Different Kinds of Masks: Effectiveness Examined by Physicists

We’ve all seen people wearing many types of masks. Some wear them below their nose, others look like they are wearing a mask that hasn’t ever been washed or replaced. What is effective, what isn’t?

The L.A. Daily News on July 12 ran a piece titled “Mask Effectiveness.” They cited research from Florida Atlantic University’s College of Engineering and Computer Science that was published in the journal Physics of Fluids.

Physicists accessed the effectiveness of face masks, using emulated coughs and sneezes to examine the material- and design-choice impact on the extent to which droplets are blocked.

Without a face mask, droplets traveled more than eight feet; with a bandana they traveled three feet, seven inches, with a folded cotton handkerchief, they traveled one foot, three inches; with a quilted cotton mask they traveled 2.5 inches and with a cone-style mask, droplets travel about eight inches.

The authors of the piece wrote: “Leakage remains a likely issue for members of the general public, who often rely on loose-fitting homemade masks. Additionally, the masks may get saturated after prolonged use, which might also influence their filtration capability. We reiterate that although the non-medical masks tested in this study experienced varying degrees of flow leakage, they are likely to be effective in stopping larger respiratory droplets.”

The most efficient masks were the N95. (The study, which was published online on June 30, can be found by visiting: aip.scitation.org “Visualizing the effectiveness of Face Masks in Obstructing Respiratory Jets.”)

The Daily News also included quotes from a June 2 Live Science story (visit: livescience.com/are-face-masks-effective-reducing-coronavirus-spread.html). For example, “Putting a face mask on does not mean that you stop the other practices,” said May Chu, a clinical professor in epidemiology at the Colorado School of Public Health on the Anschutz Medical Campus.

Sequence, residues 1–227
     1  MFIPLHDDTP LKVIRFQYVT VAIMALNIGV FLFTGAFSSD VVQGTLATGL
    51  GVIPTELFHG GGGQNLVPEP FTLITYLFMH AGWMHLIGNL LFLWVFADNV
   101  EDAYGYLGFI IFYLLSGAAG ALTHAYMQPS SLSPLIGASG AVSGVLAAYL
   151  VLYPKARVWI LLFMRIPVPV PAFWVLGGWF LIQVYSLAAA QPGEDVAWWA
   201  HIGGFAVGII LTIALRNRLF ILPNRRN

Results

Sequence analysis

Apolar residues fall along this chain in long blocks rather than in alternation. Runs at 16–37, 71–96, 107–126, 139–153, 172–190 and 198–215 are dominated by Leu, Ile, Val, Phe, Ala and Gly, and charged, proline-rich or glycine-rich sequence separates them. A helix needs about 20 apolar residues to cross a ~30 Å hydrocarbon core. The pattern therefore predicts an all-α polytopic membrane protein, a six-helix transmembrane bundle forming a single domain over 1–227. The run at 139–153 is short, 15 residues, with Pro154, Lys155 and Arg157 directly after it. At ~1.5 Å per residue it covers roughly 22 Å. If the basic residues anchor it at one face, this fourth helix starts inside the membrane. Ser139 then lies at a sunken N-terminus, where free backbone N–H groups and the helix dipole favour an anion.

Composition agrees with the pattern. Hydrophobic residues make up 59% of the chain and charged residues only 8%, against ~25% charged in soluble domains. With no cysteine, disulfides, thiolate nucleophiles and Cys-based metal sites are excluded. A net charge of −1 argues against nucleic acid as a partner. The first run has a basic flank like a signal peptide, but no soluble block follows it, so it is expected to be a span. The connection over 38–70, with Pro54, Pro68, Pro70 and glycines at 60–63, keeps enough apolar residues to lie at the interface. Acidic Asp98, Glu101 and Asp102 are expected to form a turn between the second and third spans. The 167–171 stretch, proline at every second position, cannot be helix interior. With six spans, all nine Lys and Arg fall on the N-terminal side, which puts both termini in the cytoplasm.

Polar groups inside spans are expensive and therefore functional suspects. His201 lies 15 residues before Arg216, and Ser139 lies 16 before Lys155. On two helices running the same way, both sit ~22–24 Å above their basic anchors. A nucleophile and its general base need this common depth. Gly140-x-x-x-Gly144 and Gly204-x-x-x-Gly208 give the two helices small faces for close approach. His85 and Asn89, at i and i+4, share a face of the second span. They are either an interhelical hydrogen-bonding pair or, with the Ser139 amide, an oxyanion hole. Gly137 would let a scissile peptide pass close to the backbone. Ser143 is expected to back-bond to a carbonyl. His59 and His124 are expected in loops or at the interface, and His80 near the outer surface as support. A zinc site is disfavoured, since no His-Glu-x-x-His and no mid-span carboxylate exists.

“One thing everyone does agree on is that, whatever containment provided by non-fitted masks do provide, homemade fabric masks are the least effective,” Chi said. “The recommendations that everyone wear masks are because ‘any kind of impediment is better than nothing.’ But fabric masks are not expected to be as protective as surgical masks. That’s why public health officials are warning people to remain at least 6 feet apart from one another, even if they are wearing masks. In other words, homemade masks are likely to be just a small piece of the puzzle for controlling the COVID-19 pandemic.”

In that article, Ben Cowling, head of the Division of Epidemiology and Biostatistics at Hong Kong University, told Live Science that “There’s been enough research done to be able to confidently say that masks wouldn’t be able to stop the spread of infection, that they would only have a small effect on transmission. We shouldn’t be relying on masks to help us go back to normal.”

Yet still, masks are an important element in the battle against Covid-19. So please wear a mask at appropriate times.

N95 masks are effective at stopping virus transmission. Cloth and loose-fitting homemade masks are not so efficient and may allow leakage.

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